Just to be clear, I may have been wrong. Of course, that's nothing new for a political commentator, although usually we don't have to admit we were mistaken.
I have been among the herd-followers who have argued that Obamacare might do in the Democrats' chances in this year's elections for control of the Senate, with Republicans wasting no chance whatsoever to tarnish their opponents with the Affordable Care Act. Now, however, I'm beginning to waver (another privilege that goes with this job). There are some indications that the GOP and its mega-rich supporters may be overplaying their one-card hand.
No, this vacillation is not prompted by the news that the administration's Affordable Care Act participation projections have been exceeded, with 8 million sign-ups so far, including a respectable chunk of those high-value low-age enrollees. Nor is it influenced at all by President Barack Obama's declaration that, "This thing might be working."
Thank you for sharing, Mr. President, but your opinion is not affecting mine. Instead, there are some glimmers out there that might shed some new light on appropriate strategies for this year's campaigning.
The latest Reuters/Ipsos poll shows that one-third of the online respondents say they favor the Democrats' approach to health care, versus 18 percent who prefer the Republicans'. That's an increase for the White House and a down figure for the GOP. Of course, 40 percent of those participating had no earthly idea which party had which plan, which is a bummer, but it shows a slight upward trend for the Dems. In February, Obamacare approval was at 25 percent. If that momentum continues, it could mean that people are starting to get weary of the Republicans' incessant hammering on the subject.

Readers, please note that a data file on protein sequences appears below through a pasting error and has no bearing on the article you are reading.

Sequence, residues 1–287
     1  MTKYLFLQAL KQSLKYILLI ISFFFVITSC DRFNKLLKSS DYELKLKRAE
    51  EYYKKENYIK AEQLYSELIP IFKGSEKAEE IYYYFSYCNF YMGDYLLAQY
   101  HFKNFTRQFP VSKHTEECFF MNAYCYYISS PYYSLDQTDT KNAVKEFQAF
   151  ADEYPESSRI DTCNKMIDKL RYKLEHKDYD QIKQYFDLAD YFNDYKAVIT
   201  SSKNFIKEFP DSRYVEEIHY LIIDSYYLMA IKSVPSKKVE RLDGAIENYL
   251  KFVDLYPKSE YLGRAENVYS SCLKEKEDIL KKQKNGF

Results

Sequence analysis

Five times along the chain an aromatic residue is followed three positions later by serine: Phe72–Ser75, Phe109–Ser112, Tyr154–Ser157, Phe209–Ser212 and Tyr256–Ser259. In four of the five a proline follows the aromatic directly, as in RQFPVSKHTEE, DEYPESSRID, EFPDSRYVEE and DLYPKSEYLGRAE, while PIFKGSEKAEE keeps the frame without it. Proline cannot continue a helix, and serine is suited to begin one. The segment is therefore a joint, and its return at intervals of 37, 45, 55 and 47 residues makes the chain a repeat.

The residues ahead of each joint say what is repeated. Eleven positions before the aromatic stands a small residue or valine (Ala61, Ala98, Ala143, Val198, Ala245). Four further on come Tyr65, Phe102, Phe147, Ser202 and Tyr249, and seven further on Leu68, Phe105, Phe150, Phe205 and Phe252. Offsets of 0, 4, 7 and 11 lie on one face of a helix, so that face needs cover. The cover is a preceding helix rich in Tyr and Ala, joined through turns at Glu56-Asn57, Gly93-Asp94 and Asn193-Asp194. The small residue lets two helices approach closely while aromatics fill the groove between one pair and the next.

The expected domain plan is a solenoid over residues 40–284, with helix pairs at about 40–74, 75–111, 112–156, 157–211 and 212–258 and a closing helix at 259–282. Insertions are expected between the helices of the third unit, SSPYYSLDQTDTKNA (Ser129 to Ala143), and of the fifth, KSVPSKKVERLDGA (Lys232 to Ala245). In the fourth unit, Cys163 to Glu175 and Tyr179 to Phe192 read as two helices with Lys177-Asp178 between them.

In the House, they've passed more than 50 bills that would repeal or sabotage health-care reform, and maybe it's time to cool their jets. Couple that with the barrage of TV ads already flooding us from well-financed conservative groups trashing Democrats for having anything to do with Obamacare, and maybe, just maybe, a growing number of voters are wondering whether the GOP will stop long enough to reveal a credible alternative. Don't hold your breath.
Added to the mix is the reality that some of the reforms are widely popular. So the president and his people are trying to shore up some enthusiasm for playing offense instead of defense. Their argument is that while the rollout was a well-documented disaster, repairs have been made and the new health system is starting to gain traction.
That may be premature, but it's food for thought for candidates in his party who were abandoning what they perceived to be Obama's sinking ship. Instead of saying, "Health-care plan? What health-care plan?" they suddenly might recall, "Oh yeah, that health-care plan."
As for the Republicans, there is no shortage of controversies, so they can have plenty of other issues with which to scorch the midterm election earth between now and November.
Now I have contended both that health care means the Democrats are in deep trouble and also that perhaps they're not. It's ideal: Whatever the outcome, I'll be correct and can brag about it.
(c) 2014 Bob Franken